Title: Oversight (The Community #2)
Author: Santino Hassell (Twitter)
Rating: Highly Recommended
Genre/Category: Urban Fantasy, Queer Fiction/Romance, Psychics
Release Date: June 26, 2017
Publisher: Riptide Publishing
Order Here: RIPTIDE PUBLSHING | AMAZON
Note: I received a free copy of this novella from the publisher in exchange for an honest review. All of the views in this review are my own. There are mild spoilers in this review, but for the most part I leave the big stuff a mystery. Additionally, if you haven’t read the first book in the series, go do that now!
Holden Payne has it all . . . or so he thinks. As heir to the founder of the Community—an organization that finds, protects, and manages psychics—he’s rich, powerful, and treated like royalty. But after a series of disappearances and murders rock the Community, he’s branded the fall guy for the scandal and saddled with a babysitter.
Sixtus Rossi is a broad-shouldered, tattooed lumbersexual with a man-bun and a steely gaze. He’s also an Invulnerable—supposedly impervious to both psychic abilities and Holden’s charms. It’s a claim Holden takes as a challenge. Especially if sleeping with Six may help him learn whether the Community had more to do with the disappearances than they claimed.
As Holden uncovers the truth, he also finds himself getting in deep with the man sent to watch him. His plan to seduce Six for information leads to a connection so intense that some of Six’s shields come crashing down. And with that comes a frightening realization: Holden has to either stand by the Community that has given him everything, or abandon his old life to protect the people he loves.
Let’s start this review off with how I didn’t expect to like Holden Payne as much as I did by the end of Oversight.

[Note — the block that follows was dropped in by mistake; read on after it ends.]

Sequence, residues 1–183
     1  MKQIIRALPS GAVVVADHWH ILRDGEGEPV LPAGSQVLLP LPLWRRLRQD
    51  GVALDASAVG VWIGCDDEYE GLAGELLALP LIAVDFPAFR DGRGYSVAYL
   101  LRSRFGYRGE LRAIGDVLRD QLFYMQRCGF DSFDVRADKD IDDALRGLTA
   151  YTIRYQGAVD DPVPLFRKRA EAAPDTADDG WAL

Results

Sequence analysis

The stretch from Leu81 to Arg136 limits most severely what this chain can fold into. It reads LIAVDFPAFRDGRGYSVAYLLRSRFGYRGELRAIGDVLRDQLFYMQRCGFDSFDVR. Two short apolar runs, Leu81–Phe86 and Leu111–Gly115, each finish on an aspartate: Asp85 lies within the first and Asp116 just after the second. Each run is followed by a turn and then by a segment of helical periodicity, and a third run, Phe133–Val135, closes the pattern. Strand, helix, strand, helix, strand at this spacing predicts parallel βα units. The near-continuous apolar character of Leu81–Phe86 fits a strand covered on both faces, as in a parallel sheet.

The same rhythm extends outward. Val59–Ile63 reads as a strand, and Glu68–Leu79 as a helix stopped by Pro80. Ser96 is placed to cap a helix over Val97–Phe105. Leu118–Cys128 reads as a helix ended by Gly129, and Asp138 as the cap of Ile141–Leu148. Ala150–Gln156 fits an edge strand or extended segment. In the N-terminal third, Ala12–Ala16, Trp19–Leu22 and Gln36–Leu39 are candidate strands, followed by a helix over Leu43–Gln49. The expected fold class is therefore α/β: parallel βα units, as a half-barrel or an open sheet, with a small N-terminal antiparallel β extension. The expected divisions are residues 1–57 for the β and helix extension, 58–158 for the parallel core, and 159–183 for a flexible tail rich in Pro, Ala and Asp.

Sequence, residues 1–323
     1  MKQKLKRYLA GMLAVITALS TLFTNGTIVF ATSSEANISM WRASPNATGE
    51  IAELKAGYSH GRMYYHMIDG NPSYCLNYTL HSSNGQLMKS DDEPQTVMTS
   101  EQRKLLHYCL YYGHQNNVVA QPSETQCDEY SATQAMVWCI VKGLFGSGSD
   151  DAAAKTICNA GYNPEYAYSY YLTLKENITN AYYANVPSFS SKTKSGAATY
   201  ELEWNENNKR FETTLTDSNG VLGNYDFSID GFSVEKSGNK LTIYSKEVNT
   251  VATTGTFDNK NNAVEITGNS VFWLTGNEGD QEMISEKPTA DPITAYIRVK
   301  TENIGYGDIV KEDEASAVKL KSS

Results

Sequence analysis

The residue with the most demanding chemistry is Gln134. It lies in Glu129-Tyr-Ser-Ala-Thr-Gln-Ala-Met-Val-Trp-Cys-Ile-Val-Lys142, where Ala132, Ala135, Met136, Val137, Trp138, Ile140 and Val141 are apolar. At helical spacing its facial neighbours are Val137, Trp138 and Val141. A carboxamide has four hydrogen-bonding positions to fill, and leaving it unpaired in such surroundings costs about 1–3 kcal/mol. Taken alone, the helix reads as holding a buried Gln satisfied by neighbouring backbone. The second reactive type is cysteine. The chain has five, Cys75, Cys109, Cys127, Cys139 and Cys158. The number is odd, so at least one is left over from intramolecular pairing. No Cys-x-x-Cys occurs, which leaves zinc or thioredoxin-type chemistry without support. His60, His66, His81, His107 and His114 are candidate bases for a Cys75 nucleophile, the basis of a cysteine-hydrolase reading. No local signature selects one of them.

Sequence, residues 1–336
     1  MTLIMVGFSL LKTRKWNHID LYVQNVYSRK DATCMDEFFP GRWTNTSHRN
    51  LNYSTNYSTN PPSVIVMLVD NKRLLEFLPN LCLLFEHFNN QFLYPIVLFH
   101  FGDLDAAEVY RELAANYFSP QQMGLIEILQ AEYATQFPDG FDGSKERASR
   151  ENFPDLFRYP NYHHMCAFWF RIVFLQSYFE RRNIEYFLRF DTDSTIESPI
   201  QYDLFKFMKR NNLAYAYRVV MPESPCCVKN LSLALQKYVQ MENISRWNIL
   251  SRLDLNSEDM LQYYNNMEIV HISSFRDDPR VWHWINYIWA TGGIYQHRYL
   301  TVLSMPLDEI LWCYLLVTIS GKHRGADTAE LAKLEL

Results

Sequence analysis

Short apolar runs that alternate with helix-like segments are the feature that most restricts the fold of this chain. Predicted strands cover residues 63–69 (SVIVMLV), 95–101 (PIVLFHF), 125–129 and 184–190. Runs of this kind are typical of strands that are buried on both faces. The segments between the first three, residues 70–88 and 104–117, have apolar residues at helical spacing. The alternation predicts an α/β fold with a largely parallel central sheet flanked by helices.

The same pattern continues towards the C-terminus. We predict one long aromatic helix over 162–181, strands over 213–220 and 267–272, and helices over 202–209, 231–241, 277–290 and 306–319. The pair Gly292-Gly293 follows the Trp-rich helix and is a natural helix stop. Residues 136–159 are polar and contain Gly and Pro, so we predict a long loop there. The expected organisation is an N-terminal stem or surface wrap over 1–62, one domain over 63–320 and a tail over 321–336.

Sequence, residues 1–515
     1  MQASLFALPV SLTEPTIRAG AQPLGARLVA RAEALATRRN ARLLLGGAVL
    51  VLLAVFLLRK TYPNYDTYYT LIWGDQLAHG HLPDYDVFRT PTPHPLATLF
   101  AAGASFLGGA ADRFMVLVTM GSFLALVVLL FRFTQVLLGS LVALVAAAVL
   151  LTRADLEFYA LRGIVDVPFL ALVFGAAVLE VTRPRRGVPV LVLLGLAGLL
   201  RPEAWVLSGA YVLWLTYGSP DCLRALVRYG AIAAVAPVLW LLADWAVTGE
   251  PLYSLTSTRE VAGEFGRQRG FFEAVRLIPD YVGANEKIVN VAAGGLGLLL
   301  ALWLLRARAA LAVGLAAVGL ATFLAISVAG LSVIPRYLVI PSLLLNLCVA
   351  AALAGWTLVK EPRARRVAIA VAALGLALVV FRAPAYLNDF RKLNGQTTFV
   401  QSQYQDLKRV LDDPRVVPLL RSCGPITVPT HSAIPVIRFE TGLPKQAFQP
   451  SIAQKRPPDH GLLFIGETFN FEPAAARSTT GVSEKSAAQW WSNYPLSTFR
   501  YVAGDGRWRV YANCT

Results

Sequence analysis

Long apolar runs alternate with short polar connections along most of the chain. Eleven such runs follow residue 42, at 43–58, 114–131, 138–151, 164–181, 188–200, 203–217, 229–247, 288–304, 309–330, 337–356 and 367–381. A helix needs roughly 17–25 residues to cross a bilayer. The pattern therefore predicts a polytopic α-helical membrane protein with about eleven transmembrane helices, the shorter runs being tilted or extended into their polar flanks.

Back in Insight (Community #1) Holden is introduced as the owner of the nightclub Evolution, the setting for some of the book’s biggest scenes. He’s not a bad character at all, but it was hard to get a bead on him because none of the characters really knew him beyond “wealthy and spoiled son of Community’s founder”. I didn’t hate Holden, but then, I didn’t really care about him. But Oversight fleshes Holden out to the point where I not only found myself caring about the character’s survival, but about his happiness.
One of the first things that we find out in Oversight is that the relationship Holden has with his dad isn’t all that it’s cracked up to be. Of course Holden gets that things are less than stellar with his father Richard – the man is basically a cruel as hell ice cube of a man – but he doesn’t really get how bad things are or what his father is up to until it’s almost too late.
In the previous book, Holden appeared to be the posterchild for the Community. He talked up his father and the organization to Nate Black and appeared to be towing the party line 100%. In this book, things are way more complicated and I don’t think that Holden has a kind word to say about his father.
(Not that the man deserves anything other than a swift kick in the bits…)
I think that Holden’s journey towards being his own man – a journey that is helped along by the taciturn and mysterious Sixtus “Six” Rossi – is basically something that makes Oversight a winner for me. Don’t get me wrong, I have yet to meet a Santino Hassell book that I didn’t love to bits, but there’s something extra special about following along on Holden’s journey and witnessing his growth.